“It’s a simple tool that can be used on the sideline by primarily athletic trainers, or trained medical personnel,” Tom Kaminski, professor of kinesiology and applied physiology at the University of Delaware (UD) and director of UD's athletic training education program told FoxNews.com. “And then based on how the athlete scores with that tool a decision is made as to whether or not they could potentially go back to competition.”
Kaminski has been tracking head impacts in women’s collegiate soccer teams for more than twenty years and even monitored Wambach when she played for the University of Florida in 1998. Kaminski and a team of researchers at UD are also involved with a 3-year, $30 million NCAA-U.S Department of Defense concussion study, that is aimed at better understanding the natural history of concussions and improving the safety of NCAA student-athletes and military service members.
While research continues to break new ground on concussion risks and management, some athletes are finding ways to stay safe through new technology.
Safety gear in the form of wearable technologies—including helmet and headband sensors-- claim to monitor and measure head impacts in a wide range of sports.
Triax Technologies is one company producing smart impact monitors (SIM-G) worn as a headband or a skullcap for helmeted sports.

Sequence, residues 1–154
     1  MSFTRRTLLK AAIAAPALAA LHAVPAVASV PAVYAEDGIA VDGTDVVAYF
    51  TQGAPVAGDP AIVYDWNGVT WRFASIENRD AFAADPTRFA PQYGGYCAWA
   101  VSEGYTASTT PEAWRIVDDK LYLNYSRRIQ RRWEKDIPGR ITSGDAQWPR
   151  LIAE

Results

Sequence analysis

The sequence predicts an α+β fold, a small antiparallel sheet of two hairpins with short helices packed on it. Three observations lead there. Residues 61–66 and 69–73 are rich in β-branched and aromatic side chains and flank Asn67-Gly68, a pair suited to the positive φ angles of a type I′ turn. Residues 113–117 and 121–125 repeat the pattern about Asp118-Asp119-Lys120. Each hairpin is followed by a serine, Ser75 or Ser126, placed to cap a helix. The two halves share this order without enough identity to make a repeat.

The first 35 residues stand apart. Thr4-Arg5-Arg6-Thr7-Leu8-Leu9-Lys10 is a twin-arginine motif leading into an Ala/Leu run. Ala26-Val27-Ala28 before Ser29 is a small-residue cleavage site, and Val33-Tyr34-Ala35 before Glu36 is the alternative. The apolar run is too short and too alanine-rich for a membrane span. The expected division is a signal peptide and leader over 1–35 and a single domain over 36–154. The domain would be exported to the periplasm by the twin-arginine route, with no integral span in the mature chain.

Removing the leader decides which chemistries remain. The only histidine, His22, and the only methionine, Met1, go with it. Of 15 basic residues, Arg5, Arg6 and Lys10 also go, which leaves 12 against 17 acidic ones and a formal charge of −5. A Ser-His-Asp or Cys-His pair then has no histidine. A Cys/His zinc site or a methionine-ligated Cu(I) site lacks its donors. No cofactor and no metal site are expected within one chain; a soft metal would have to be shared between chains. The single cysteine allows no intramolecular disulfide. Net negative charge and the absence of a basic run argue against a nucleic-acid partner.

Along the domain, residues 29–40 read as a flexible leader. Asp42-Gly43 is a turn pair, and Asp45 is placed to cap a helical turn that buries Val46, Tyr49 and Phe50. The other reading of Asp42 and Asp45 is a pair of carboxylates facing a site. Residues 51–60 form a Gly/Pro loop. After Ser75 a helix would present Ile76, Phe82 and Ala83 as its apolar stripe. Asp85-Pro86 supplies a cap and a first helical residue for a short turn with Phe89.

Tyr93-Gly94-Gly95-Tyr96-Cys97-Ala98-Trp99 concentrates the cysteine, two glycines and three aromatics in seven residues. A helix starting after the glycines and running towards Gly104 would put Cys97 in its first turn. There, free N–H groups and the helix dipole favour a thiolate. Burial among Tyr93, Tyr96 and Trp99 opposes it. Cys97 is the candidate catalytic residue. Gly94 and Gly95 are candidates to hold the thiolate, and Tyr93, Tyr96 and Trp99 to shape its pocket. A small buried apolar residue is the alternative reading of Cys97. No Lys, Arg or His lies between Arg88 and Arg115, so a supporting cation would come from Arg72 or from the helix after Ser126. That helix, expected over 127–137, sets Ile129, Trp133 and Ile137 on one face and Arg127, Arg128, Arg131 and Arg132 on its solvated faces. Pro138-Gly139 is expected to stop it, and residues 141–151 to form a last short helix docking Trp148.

A small sensor in the headbands or skullcaps tracks the G-force and frequency of head impacts and sends the data in real-time to a smart device on the sidelines to observing coaches and trainers. The sensor measures the linear and rotational acceleration and forces that hit the head.
The University of Delaware was the first to pilot Triax’s measurement tool and uses their SIM-G monitors in part of an ongoing project involving the school’s women’s soccer team.
“It’s one more piece of information that we all can use to help make informed decisions, because I can’t tell you if a girl gets a hit to a head if its 60G’s, but the technology can and that can help the athletic trainers make better decisions about pulling these girls out of the game or not,” Kaminski said.
Wambach partnered with Triax in 2014 and has been wearing the impact monitor for the past year.
“I’ve headed the ball so many times throughout my career, [so] does it give me pause thinking about what my future looks like? Of course it does, so I want to put athletes in control of their lives so that they don’t have that kind of pause,” Wambach said. “So if they were to get a head impact or they were to have their head rung on some level, they would be able to have some sort of measureable device to see if it was over their threshold or not.”
While impact monitors can be used as a guide to indicate potential risk and improve training and evaluation techniques, experts stress that these new technologies cannot diagnose a concussion.
"None of [it] takes into account what actually happens inside the brain because of those hits or the duration of time that that hit happens, all which will affect the likelihood of getting a concussion and will determine how severe the concussion could be,” Cohen said.
The Triax SIM-G headband costs $189 dollars.